5 Lessons Learned for Building Companies with Data (Or How to Build the Next Bloomberg)

The A.C. Nielsen Company was launched in 1923 with the idea of selling engineering performance surveys – giving birth to one of the world’s first data businesses.  Today, Nielsen is still one of the largest data monopolies in the world and continues to be the primary source of audience measurement and business intelligence research across the globe. 

What’s most interesting is that the way Nielsen (and other similar traditional data companies) tracks and aggregates data hasn’t changed significantly over the past few decades.  At its core, this system relies on a panel-based method – specifically recruiting a large set of people to participate, monitoring their activities, and then weighting the sample to be representative of the broader population.

The result is data that is skewed both by human error (read as lying) and sampling error (who really has time to take surveys or wants to get tracked by Nielsen), but it was the best we could do in a world with limited technology.

With the growth of cloud computing and the resulting decline in storage and compute costs, in combination with the increased availability of passively tracked data – either by inexpensive sensor or API – we’re entering an environment ripe for disruption of these old line data monopolies, which not only includes Nielsen but also other companies such as Bloomberg, Dun & Bradstreet, and NPD (originally “National Purchase Diary”).

While there were a few early companies who decreased the cost of data collection via crowd-sourcing (Euromonitor, Mintel, Data.com, et cetera), we’re at the front of the next wave of opportunity in the space.  Learning from the big winners of the past as well as some of our early investments in the space, these are the five lessons for the next generation data platform companies:

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Inspiration for the next wave of innovation (or the shifting influence of Star Trek to Harry Potter)

If the last wave of technology innovation was inspired by Star Trek, the next period will be driven by Harry Potter.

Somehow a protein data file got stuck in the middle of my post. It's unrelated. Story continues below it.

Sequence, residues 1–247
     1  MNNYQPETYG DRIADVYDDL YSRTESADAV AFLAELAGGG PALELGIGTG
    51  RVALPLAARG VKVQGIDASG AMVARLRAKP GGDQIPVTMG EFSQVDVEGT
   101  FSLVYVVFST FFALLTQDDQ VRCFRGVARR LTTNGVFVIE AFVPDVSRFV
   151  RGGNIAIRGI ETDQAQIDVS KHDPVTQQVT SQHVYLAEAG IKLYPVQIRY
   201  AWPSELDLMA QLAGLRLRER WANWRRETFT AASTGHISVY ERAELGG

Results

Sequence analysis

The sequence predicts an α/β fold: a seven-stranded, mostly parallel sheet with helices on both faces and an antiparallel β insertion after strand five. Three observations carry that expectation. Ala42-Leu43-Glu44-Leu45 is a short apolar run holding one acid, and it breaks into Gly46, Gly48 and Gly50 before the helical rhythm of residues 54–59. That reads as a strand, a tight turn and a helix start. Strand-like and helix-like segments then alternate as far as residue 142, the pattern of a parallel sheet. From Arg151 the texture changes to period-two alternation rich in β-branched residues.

Thinking back to the start of the Stark Trek in the 1960s, the technology was science fiction and mainly focused on adding new devices to our lives.

The next wave is about taking technology and better integrating into our existing lives to make our lives easier.

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Spending time with the Splice and Namely teams in NYC

I was fortunate to spend time with the Splice and Namely teams last week on my trip to NYC.

Most of my interactions are with the Founding team members of a company – especially the company’s CEO – but I really enjoy meeting and spending time with the broader team for meals or a group activity.  Startups are truly a human experience and every company has an incredibly different culture – and by spending time with the broader group, you get a better idea for how the company is growing.

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How Smartphones Change Cars (Learning from Prior Mistakes)

Prior to the launch of Apple’s App Store in 2008, each individual carrier tightly controlled their platform selectively working with third party publishers and pushing their own products to end customers.

With the launch of the App Store, Apple (and then Google) claimed control of their platforms and created a much larger and open environment for developers to build and market products to end customers.

The result was a more vibrant ecosystem for consumers to choose applications from and a broader base of developers supporting the platform – with the carriers eventually relegated to being simply dumb pipes.

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Why the FDA was Right to Block 23 and Me

There was a surprising amount of resistance yesterday regarding the FDA’s letter warning the genetics company 23 and Me about marketing their test as a diagnostic service.

To clear up a couple of issues:

1. The FDA is not requiring 23 and Me to stop administering the test.  The FDA is requesting 23 and Me stops marketing it as a diagnostic test without having previously proven efficacy.

2. The FDA is not solely against 23 and Me.  While the most high profile, the FDA has been targeting similar low-cost genetic companies over the past three years asking companies to provide the necessary analysis to validate their claims.

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Presentation Lessons from the Montgomery Conference

I spent last week at the Montgomery Conference in LA watching some of our companies present. For background, the Montgomery Conference is for later stage companies to pitch their business to growth investors – usually defined by having greater than $10m in revenue.

Since the majority of these companies were beyond where we’d play at True, it was a great opportunity to watch how others reacted to presentations and for patterns of success.

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